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  2. I have not heard of this one, but I am very intrigued for many reasons. I would love to hear the inner thoughts of the elderly. I think they have been the forgotten members of society for a while, but with the baby boomers living longer and longer, that will have to change - finally!

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  3. I read this last year, and it was my first May Sarton. Beautiful, but devastatingly sad.

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  4. I had my taxes done on Saturday and our tax lady is a much older woman. She's still sharp as a tack, but this year, she seemed a bit more delicate and in our conversation she admitted to downsizing and moving closer to the city. I could see the worry crease her face.

    You get to a certain age and then you are forced to think about your future. I don't think I could ever live in a home but what if I have no choice in the matter?

    I would imagine this book being a very weighty but important read.

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  5. Jeane: She is a wonderful writer.

    Molly: I certainly think we are more enlightened about eldercare today than we were in 1973. But I also think it is in human nature to not think too much about the elderly--perhaps we don't want to get a glimpse of our own futures.

    Answer Girl: You should check out her journals. Plant Dreaming Deep I think would be up your alley.

    Ti: I think about old age a lot. I don't want to spend my golden years in DC. But the way our care system seems to be set up we have our choice between underpaid, undereducated urban care givers, or underpaid, undereducated rural care givers. Sigh.

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  6. This sounds utterly heartbreaking. It also sounds like something that must be read. This story is what we all dread, isn't it?

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  7. She is one of my favourite authors; I have several quotes from her work on my site and periodically revisit her journals (although have about half of her fiction still to discover). I haven't read this novel, but your review nudges me in that direction and it brought this quote to mind:

    "One thing is certain, and I have always known it – the joys of my life have nothing to do with age. They do not change. Flowers, the morning and evening light, music, poetry, silence, the goldfinches darting about…"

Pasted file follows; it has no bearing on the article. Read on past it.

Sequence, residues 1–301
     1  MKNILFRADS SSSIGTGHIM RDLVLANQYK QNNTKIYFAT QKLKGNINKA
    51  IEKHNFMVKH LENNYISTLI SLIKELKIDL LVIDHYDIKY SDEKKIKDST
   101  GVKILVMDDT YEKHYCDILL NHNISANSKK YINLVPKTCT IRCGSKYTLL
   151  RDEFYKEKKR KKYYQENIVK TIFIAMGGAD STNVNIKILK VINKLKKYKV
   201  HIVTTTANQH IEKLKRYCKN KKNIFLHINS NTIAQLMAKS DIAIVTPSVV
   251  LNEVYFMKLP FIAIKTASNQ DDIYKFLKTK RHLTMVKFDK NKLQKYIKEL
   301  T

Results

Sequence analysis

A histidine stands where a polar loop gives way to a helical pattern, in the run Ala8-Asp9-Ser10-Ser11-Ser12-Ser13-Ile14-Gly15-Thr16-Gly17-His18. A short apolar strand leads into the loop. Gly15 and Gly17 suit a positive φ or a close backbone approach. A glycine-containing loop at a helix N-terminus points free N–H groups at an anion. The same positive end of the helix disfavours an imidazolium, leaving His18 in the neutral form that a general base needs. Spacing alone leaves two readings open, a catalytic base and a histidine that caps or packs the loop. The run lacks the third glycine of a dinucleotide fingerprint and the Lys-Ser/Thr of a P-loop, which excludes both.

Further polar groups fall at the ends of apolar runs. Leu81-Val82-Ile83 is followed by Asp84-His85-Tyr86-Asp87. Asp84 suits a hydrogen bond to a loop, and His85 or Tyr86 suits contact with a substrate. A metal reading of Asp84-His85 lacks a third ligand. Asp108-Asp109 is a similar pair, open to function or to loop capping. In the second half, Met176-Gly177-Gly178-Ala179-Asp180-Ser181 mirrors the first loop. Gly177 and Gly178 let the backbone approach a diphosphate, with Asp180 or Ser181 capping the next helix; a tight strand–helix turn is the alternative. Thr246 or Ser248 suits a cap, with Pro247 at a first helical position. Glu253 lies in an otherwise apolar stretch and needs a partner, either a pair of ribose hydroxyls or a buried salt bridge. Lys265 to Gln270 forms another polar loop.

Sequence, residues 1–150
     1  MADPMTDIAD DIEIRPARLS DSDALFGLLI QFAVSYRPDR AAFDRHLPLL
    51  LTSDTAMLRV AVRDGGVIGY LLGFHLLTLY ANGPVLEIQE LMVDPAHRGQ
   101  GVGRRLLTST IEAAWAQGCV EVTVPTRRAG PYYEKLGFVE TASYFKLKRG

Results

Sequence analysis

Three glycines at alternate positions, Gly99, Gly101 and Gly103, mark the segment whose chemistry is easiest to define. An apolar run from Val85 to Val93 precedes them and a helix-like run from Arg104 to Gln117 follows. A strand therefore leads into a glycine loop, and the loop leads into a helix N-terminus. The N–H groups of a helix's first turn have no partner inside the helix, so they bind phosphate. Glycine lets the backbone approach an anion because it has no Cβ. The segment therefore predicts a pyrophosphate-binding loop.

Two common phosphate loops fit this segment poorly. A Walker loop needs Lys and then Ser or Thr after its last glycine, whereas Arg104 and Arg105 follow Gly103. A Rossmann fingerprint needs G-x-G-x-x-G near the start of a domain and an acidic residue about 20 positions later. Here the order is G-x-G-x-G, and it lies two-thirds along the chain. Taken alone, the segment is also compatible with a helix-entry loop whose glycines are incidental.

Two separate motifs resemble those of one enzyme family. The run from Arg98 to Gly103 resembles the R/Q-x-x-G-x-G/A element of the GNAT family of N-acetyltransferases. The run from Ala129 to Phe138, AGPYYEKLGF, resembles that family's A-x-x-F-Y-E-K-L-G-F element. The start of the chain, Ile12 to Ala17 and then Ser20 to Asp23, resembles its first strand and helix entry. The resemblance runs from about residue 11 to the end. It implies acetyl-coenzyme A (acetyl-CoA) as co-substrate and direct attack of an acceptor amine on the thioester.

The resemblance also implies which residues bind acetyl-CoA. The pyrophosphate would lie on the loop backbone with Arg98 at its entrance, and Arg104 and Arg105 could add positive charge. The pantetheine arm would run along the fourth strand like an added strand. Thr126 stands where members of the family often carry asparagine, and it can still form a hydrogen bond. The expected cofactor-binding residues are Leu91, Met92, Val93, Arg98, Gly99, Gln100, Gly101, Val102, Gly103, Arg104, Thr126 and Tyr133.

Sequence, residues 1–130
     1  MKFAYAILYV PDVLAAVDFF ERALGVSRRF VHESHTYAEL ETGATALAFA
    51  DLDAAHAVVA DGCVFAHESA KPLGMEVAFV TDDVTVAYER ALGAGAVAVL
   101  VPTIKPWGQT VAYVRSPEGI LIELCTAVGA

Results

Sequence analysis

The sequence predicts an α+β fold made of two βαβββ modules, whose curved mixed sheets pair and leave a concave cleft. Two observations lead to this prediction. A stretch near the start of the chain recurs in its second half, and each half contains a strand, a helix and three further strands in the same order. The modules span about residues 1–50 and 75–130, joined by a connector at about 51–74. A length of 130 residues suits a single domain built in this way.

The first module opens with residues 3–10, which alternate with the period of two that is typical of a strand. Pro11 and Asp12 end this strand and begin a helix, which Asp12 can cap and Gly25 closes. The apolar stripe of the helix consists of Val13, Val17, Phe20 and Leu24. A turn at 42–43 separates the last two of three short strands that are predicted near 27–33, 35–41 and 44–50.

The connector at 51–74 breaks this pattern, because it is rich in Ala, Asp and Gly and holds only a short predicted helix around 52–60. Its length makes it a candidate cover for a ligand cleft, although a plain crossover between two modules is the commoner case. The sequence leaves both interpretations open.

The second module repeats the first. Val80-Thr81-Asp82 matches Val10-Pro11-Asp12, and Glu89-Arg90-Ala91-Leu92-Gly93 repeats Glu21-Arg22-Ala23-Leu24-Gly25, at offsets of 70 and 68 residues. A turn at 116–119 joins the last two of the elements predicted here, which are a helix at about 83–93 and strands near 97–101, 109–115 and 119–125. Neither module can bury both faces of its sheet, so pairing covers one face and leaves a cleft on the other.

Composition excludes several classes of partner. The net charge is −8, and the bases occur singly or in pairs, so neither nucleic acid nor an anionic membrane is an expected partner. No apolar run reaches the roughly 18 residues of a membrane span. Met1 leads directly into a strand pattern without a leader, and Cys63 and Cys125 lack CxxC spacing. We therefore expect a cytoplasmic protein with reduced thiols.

From At Seventy: A Journal

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  8. Buried in Print: That is a beautiful quote and definitely captures the same idea in the quote in my blog.

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  9. Just come over from your books of the year list - this sounds right up my street; I love reading books about old age when it's done well (c.f. All Passion Spent by Vita Sackville-West, and Tru by Eric Melville)

    Adding to my Amazon wishlist...

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  10. Simon: I love All Passion Spent but this Sarton is a fish of another color. Caro has none of the means or independence, or family as in the Sackville-West. Make sure you are ready for something depressing.

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  11. I've read a lot of May Sarton's work. This novel is the best so far. Her creative imaginings come out of her close observation of her own aging, and that of others.. These she relates in her journals which are masterpieces. She struggles to remain independent and, as in the novel, observes a certain purification that is happening with her plus an opening out in compassion to all. I recommend her poem 'Autumn Sonnet', three sonnets about letting go. "If I can let you go as trees let go their leaves ..."

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  12. Cocuinn53: Interestingly though, she was only 61 when she wrote the book.

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  13. Yes, an 61 was considered old in 1973. A poem by C.S.Lewis written when he was just 50 (died 13 years later, however):

    As One Oldster to Another

    Well, yes the old bones ache. There were easier
    Beds thirty years back. Sleep, then importunate,
    Now with reserve doles out her favours;
    Food disagrees; there are draughts in houses.

    Headlong, the down night train rushes on with us,
    Screams through the stations....how many more? Is it
    Time soon to think of taking down one's
    Case from the rack? Are we nearly there now....


    C.S. Lewis
    1950, Punch